I’m happy to announce the availability of a new School of Government publication, Probation Violations in North Carolina.
There are over 80,000 people on probation in North Carolina. Management of their cases is a huge undertaking for the court and correctional systems. The law is complicated and technical, and it has changed so many times since Justice Reinvestment in 2011 that it’s hard to keep track.
Among lawyers, probation doesn’t have the same cachet as topics like jury trials, capital punishment, and wrongful convictions. We don’t allocate much time to talk about it in our programs for new judges and lawyers. But I think probation is important—both by volume and by impact. I find that to be especially true when it comes to young defendants, for whom probation may be the first contact with the adult criminal justice system, and therefore an important fork in the road. In fact, I think probation is the most important subject I write about (perhaps tied for first with fines and fees).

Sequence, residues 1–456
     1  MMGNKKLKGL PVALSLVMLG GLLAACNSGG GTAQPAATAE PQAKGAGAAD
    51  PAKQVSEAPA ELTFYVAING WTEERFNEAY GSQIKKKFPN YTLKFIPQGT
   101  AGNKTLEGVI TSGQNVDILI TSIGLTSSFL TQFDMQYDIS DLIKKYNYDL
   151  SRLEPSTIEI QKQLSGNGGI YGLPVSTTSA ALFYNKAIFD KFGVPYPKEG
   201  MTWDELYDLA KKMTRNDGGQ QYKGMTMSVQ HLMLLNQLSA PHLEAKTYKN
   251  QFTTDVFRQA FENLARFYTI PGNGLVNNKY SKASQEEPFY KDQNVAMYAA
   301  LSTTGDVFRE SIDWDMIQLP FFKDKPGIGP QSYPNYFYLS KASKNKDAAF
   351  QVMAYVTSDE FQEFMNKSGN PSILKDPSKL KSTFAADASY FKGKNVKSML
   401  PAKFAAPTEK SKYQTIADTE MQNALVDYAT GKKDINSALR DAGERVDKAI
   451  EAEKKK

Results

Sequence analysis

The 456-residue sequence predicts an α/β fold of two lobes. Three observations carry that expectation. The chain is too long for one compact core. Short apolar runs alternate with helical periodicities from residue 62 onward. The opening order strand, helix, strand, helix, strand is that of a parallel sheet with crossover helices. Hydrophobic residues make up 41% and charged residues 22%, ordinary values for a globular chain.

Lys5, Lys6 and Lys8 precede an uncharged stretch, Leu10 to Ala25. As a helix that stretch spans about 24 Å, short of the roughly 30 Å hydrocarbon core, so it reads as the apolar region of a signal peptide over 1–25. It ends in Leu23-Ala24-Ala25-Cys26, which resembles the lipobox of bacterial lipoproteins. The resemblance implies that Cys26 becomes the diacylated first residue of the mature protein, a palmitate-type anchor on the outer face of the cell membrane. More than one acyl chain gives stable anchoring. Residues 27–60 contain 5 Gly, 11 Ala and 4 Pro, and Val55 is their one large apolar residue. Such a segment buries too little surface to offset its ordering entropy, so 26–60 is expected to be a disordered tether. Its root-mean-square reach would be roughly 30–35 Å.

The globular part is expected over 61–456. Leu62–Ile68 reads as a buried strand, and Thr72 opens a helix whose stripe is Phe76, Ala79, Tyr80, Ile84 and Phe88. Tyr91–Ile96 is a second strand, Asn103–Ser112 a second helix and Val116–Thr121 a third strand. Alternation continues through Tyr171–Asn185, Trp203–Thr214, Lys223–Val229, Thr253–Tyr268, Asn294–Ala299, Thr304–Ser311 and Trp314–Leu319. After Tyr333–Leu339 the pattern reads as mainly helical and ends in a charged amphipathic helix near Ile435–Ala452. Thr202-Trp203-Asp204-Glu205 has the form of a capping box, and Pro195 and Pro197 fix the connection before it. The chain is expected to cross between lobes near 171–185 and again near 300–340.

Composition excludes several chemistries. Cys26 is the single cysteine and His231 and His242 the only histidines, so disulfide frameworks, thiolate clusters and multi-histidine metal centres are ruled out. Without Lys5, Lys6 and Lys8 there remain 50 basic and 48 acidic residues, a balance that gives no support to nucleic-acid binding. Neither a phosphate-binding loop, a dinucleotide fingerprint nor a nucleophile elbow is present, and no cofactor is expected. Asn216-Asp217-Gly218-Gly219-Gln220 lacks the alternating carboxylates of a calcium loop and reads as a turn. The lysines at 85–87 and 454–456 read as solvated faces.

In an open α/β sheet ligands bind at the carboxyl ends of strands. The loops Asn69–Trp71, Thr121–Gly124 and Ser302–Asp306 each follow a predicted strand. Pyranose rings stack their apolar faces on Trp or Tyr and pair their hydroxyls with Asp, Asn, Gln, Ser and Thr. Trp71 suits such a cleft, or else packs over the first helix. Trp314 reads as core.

With that in mind, I hope this new book will be helpful in your work. It covers the law and procedure of probation violation hearings in North Carolina, mostly following a chronological approach from the filing of a violation report to the response options available to the court after a hearing. Other topics addressed include delegated authority (including “quick dips”), the Interstate Compact for Adult Offender Supervision, and the use of probation in deferred prosecution and conditional discharge cases.
Some of you may have seen an old tri-fold booklet on probation violations that I wrote back in 2013. There have been so many statutory changes and case law developments since then that you should not rely on that old booklet. Please use the new book instead. It doesn’t fold quite as cleverly, but it’s easier to read and cheaper to produce in a standard 8 ½ x 11 format. And still lime green.
Distribution. The Department of Public Safety purchased copies of the book for all probation/parole officers, chief probation/parole officers, field specialists, and managers. They will also be distributing copies to court officials over the next couple of months. So, for now, court officials do not need to request a copy of this book through AOC (unlike the new Sentencing Handbook, which is available upon request). Others wishing to purchase a copy can do so through the School of Government here.